The English Constitution
A classic study of the British constitution, paying special attention to how Parliament and the monarchy work. The author frequently draws comparisons with the American Constitution, being generally critical of the American system of government.
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... and those associated with them are to take their stand for the political
campaign . It is by that programme , by a comparison of the programmes of
different statesmen , that the world forms its judgment . The common ordinary
mind is quite unfit ...
In excited states of the public mind they have scarcely a discretion at all ; the
tendency of the public perturbation determines what shall and what shall not be
dealt with . But , upon the other hand , in quiet times statesmen have great power
I answer that the House of Lords must yield whenever the opinion of the
Commons is also the opinion of the nation , and when it is clear that the nation
has made up its mind . Whether or not the nation has made up its mind is a
question to be ...
... our minds with its cusps and conjugate points . Nor , on the other hand , can I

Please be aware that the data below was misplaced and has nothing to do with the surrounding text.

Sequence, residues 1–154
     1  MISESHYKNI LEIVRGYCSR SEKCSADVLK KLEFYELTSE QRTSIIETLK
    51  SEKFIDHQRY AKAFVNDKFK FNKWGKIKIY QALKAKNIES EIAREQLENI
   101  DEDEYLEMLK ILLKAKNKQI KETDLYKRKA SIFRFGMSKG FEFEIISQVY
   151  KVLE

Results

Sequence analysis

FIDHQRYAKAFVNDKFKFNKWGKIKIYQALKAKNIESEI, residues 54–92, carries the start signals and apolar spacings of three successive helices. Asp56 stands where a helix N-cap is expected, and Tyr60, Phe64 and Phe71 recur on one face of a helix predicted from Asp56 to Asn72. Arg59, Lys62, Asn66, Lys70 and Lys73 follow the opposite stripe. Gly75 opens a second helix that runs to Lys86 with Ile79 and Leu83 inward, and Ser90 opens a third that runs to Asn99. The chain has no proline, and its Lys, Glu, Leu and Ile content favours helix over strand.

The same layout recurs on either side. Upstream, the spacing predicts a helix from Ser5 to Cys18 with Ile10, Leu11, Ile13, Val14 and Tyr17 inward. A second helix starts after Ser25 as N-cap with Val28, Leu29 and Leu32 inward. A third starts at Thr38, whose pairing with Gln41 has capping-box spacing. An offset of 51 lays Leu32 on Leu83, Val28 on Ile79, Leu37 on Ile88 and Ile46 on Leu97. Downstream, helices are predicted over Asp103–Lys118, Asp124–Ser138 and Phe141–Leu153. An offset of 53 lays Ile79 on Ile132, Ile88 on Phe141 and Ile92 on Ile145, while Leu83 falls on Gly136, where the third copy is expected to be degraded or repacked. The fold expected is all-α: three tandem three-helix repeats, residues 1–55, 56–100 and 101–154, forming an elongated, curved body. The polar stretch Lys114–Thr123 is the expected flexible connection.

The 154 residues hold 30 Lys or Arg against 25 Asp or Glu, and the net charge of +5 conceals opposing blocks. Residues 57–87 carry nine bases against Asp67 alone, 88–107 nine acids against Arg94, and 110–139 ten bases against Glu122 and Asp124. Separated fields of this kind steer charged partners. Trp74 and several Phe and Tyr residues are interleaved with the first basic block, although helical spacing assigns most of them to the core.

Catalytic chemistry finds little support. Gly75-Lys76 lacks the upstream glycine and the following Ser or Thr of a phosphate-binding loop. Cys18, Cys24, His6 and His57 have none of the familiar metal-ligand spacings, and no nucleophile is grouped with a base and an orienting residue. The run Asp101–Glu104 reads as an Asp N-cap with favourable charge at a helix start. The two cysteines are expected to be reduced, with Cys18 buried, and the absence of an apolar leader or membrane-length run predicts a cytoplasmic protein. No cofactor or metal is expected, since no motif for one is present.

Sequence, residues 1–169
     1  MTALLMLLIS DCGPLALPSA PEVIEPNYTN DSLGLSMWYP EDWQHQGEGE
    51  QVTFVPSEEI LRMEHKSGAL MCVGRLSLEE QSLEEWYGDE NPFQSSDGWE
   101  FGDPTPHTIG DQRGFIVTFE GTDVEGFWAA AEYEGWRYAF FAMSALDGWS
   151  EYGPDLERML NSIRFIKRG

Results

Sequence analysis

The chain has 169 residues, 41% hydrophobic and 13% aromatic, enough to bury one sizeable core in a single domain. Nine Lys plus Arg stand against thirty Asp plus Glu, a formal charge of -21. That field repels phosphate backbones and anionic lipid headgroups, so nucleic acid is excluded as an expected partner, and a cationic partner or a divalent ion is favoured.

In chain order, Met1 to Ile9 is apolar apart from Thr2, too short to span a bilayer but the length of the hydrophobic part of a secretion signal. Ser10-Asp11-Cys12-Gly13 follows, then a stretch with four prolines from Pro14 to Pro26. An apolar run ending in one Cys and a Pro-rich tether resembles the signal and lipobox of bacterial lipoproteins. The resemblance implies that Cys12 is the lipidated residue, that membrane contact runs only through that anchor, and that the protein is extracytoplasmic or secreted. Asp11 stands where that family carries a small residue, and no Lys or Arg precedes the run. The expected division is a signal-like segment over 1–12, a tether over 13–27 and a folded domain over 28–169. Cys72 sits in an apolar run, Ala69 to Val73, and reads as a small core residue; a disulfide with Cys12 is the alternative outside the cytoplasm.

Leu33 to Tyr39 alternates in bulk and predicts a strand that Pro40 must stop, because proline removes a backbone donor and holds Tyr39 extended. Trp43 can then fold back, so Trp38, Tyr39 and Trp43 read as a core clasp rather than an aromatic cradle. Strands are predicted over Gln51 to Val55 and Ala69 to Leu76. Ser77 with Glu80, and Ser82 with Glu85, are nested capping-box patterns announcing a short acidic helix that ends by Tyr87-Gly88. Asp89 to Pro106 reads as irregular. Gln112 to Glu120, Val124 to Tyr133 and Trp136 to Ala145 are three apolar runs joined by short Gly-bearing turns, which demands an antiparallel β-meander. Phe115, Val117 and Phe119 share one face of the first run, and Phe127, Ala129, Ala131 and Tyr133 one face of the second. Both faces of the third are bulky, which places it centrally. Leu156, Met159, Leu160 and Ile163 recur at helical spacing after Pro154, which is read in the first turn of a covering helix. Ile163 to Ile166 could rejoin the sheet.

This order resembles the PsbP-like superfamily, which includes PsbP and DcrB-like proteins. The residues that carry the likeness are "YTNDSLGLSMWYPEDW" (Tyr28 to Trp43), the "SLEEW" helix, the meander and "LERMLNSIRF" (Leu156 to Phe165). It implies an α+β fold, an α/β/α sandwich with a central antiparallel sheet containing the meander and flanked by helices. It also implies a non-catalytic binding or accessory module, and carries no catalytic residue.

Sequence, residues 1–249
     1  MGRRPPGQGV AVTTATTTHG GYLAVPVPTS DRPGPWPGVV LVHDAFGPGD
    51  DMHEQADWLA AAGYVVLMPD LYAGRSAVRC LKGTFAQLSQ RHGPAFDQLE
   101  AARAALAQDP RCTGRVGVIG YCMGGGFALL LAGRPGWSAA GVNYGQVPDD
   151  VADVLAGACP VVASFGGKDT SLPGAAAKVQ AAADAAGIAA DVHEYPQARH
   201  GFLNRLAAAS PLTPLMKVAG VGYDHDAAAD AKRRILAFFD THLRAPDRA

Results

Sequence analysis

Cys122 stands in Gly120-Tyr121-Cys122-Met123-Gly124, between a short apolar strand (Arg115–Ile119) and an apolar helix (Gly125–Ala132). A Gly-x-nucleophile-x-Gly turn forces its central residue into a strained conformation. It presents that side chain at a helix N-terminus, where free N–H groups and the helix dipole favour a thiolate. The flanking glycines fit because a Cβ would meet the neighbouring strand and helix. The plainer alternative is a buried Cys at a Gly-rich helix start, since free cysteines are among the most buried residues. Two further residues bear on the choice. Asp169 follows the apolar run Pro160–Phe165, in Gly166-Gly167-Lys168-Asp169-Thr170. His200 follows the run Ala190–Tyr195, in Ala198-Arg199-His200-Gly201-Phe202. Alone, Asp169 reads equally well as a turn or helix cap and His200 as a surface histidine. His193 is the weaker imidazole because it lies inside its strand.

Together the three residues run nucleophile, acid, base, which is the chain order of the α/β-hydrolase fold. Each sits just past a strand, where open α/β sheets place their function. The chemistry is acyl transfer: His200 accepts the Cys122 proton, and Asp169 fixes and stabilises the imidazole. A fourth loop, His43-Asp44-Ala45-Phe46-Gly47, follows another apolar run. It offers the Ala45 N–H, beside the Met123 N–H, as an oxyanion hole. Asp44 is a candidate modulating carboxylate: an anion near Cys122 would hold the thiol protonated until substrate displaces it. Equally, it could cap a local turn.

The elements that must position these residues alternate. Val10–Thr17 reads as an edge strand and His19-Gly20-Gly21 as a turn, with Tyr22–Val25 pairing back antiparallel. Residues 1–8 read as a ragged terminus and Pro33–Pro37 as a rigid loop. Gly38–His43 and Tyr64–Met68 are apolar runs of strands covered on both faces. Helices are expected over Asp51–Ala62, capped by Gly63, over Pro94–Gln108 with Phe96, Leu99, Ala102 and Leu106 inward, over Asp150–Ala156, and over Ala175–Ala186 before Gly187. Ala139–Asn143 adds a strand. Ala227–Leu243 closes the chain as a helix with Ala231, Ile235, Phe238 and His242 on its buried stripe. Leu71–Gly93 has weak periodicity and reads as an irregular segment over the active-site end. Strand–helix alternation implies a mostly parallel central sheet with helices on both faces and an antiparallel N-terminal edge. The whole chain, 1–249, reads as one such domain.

sympathise with the objection to life peerages which some of the Radical party
take and feel . They think it will strengthen the Lords , and so make them better
Despotic nations now cannot understand England ; it is to them an anomaly “
chartered by Providence ; " they have been time out of mind puzzled by its
institutions , vexed at its statesmen , and angry at its newspapers . A little more of
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LibraryThing ReviewUser Review - patito-de-hule - LibraryThing
Walter Bagehot was editor of the Economist and his name is still on the weekly page about England. This book describes the English Constitution and compares it favorably with the United States Constitution. Read full review